Setmelanotide Shows Positive Results in BBS and Alstrom Syndrome

In a recent press release, biopharmaceutical company Rhythm Pharmaceuticals (“Rhythm”) announced positive data from a Phase 3 clinical trial. During the trial, Rhythm evaluated setmelanotide for patients with Bardet-Biedl syndrome (BBS) and/or Alstrom syndrome. Although the trial met its secondary endpoints for patients with Alstrom syndrome and BBS, none of the patients with Alstrom syndrome ultimately achieved primary endpoints on their own.

Setmelanotide

Within the clinical trial, researchers evaluated setmelanotide (IMCIVREE), a MC4R agonist. Typically, Alstrom syndrome and BBS cause insatiable hunger. Normally, the MC4 receptor (MC4R) plays a role in the bodily pathway that regulates energy, caloric intake, and hunger. Thus, setmelanotide is designed to lower hunger and promote weight loss. The drug is currently approved for patients with genetic-related obesity caused by POMC, PCSK1, or LEPR deficiency. Additionally, setmelanotide received Breakthrough Therapy and Priority Medicines designations.

38 patients enrolled in the clinical trial. Of these, 6 had Alstrom syndrome and 32 had Bardet-Biedl syndrome. Over a 52-week period, patients first received either a placebo or setmelanotide for 14-weeks. Following the initial 14 weeks, all patients received setmelanotide. Key findings include:

  • No patients with Alstrom syndrome lost at least 10% of their body weight. However, 11 patients with BBS achieved this endpoint.
  • 60.2% of participants saw at least a 25% reduction in hunger. 
  • The mean body weight loss was -6.2% and the mean hunger loss was -30.8%.
  • Setmelanotide was generally well-tolerated. Side effects included nausea, vomiting, and injection site reactions.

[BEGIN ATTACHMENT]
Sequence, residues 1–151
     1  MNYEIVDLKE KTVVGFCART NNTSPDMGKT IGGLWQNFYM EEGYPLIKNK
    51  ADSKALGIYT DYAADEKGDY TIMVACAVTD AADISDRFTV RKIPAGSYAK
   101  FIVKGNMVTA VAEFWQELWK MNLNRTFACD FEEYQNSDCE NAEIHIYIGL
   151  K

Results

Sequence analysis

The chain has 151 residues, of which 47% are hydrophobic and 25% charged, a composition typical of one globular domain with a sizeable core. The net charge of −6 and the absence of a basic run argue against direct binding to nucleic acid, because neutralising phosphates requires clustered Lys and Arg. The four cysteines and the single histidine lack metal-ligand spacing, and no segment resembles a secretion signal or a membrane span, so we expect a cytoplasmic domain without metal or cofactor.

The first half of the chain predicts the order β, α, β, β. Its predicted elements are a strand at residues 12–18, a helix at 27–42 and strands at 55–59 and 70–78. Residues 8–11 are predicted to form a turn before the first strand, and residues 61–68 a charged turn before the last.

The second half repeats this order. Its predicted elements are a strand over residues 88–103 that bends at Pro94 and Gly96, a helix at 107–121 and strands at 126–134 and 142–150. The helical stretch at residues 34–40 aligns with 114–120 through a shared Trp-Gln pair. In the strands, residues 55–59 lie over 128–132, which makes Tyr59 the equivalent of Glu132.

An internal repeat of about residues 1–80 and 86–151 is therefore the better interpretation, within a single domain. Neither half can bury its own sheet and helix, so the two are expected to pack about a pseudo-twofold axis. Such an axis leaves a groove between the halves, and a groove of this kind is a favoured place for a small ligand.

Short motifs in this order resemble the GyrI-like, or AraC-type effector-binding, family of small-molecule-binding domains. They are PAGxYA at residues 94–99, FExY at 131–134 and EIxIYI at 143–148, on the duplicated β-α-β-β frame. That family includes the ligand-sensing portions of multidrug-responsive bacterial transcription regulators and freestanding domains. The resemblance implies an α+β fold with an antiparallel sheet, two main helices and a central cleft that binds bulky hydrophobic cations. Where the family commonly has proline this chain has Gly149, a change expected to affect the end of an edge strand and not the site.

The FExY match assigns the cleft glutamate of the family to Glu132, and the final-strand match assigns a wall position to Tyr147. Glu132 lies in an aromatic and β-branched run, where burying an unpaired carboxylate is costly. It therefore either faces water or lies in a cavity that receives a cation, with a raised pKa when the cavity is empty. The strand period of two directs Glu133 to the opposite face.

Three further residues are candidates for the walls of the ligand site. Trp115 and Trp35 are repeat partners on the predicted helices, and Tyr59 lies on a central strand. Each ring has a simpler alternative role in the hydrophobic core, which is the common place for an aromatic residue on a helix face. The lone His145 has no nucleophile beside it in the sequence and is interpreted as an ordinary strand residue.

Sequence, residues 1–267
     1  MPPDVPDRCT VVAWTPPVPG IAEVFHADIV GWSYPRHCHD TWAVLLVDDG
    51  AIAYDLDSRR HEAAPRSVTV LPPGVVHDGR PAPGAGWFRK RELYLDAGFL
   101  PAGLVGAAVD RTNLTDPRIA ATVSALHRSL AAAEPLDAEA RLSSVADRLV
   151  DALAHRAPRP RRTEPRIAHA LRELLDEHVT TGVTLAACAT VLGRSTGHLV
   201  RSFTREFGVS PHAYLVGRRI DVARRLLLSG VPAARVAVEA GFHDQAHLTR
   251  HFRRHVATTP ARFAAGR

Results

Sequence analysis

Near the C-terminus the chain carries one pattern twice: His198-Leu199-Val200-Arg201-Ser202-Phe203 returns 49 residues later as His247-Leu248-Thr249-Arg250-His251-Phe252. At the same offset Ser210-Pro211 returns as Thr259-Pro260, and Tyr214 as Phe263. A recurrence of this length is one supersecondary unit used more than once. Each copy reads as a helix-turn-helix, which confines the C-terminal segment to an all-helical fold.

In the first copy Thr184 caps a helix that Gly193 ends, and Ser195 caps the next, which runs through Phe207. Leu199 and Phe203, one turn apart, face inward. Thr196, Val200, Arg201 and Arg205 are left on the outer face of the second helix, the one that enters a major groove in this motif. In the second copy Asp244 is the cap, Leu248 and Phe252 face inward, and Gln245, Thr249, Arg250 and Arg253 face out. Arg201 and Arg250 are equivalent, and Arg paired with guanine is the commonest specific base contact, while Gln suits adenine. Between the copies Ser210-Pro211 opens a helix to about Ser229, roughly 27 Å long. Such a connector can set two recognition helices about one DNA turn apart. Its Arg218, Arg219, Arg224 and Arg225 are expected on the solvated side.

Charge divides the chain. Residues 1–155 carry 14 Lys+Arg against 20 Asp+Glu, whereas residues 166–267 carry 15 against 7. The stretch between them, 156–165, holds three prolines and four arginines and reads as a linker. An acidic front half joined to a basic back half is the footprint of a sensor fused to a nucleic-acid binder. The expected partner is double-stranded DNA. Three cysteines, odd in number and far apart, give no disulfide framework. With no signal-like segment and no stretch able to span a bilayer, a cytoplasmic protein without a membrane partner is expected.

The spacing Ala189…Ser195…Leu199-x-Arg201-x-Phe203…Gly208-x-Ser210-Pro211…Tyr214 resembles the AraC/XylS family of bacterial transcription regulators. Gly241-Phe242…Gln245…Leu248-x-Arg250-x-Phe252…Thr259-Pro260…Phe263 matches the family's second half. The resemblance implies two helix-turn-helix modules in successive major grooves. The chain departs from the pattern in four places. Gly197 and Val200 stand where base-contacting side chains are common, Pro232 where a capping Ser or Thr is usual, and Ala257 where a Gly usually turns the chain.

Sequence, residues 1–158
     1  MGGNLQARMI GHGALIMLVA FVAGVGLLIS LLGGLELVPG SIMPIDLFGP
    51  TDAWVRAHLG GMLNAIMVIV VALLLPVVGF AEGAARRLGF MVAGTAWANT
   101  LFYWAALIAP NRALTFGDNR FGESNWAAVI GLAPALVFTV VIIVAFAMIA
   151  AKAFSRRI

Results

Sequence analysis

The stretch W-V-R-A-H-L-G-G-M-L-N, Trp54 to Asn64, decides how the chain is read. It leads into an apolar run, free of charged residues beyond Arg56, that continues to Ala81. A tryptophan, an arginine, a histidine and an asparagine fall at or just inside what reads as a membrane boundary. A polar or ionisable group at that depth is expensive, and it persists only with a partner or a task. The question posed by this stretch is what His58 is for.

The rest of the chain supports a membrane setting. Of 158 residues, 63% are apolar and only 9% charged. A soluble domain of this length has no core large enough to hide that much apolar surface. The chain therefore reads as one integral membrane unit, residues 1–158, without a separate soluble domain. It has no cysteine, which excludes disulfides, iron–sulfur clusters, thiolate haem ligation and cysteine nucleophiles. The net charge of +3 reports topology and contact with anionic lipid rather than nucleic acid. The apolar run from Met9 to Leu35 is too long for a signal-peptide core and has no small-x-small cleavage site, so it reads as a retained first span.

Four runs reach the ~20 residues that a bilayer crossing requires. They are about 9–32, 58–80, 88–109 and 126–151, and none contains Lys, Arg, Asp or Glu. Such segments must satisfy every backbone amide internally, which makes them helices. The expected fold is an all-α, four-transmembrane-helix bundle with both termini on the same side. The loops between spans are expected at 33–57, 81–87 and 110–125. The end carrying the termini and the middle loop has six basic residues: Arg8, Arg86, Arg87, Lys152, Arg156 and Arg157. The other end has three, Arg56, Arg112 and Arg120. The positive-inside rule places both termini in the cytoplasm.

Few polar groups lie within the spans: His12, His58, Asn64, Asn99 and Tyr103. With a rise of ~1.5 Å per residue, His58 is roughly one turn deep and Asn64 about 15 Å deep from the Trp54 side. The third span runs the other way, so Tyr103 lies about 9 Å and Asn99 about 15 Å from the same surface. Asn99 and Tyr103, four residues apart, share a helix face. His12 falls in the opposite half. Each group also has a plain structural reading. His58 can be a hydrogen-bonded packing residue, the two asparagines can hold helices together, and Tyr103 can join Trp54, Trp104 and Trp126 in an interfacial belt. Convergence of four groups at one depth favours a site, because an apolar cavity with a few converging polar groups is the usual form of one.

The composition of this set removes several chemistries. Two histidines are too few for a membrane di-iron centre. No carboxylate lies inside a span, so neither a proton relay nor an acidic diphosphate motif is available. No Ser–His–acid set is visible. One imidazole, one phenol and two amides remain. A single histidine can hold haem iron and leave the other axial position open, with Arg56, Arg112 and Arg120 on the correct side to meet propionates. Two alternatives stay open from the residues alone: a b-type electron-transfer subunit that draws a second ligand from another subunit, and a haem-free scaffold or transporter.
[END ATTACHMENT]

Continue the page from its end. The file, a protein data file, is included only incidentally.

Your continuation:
Alstrom Syndrome

Mutated ALMS1 genes cause Alstrom syndrome, a rare genetic disorder. Because the mutation is inherited in an autosomal recessive pattern, someone must receive one defective copy from each parent in order to inherit this condition. Symptoms vary in severity, even within members of the same family. Additionally, symptoms appear in infancy for some, and in adolescence or adulthood for others. Symptoms include:

  • Hearing and vision loss
  • Type 2 diabetes
  • Enlarged heart
  • Changes in organ function
  • Short stature
  • Obesity 
  • Acanthosis nigricans, or the darkening and thickening of skin in body folds

Learn more about Alstrom syndrome

Bardet-Biedl Syndrome (BBS)

In most cases, Bardet-Biedl syndrome (BBS) is caused by a BBS1 gene mutation. However, 12 different genes have been linked to this rare disorder. BBS impacts many body systems. Primarily, it impacts cilia function, where cilia usually play a role in health and development. Symptoms vary in appearance and severity, but include:

  • Impaired coordination
  • Learning difficulties
  • Obesity
  • Progressive vision loss
  • Rapid eye movements
  • Cataracts
  • Extra fingers or toes
  • Glaucoma
  • Webbed fingers and toes
  • Short, wide, and flat feet
  • Delayed puberty
  • Anxiety and depression
  • High blood pressure
Jessica Lynn

Jessica Lynn

Jessica Lynn has an educational background in writing and marketing. She firmly believes in the power of writing in amplifying voices, and looks forward to doing so for the rare disease community.

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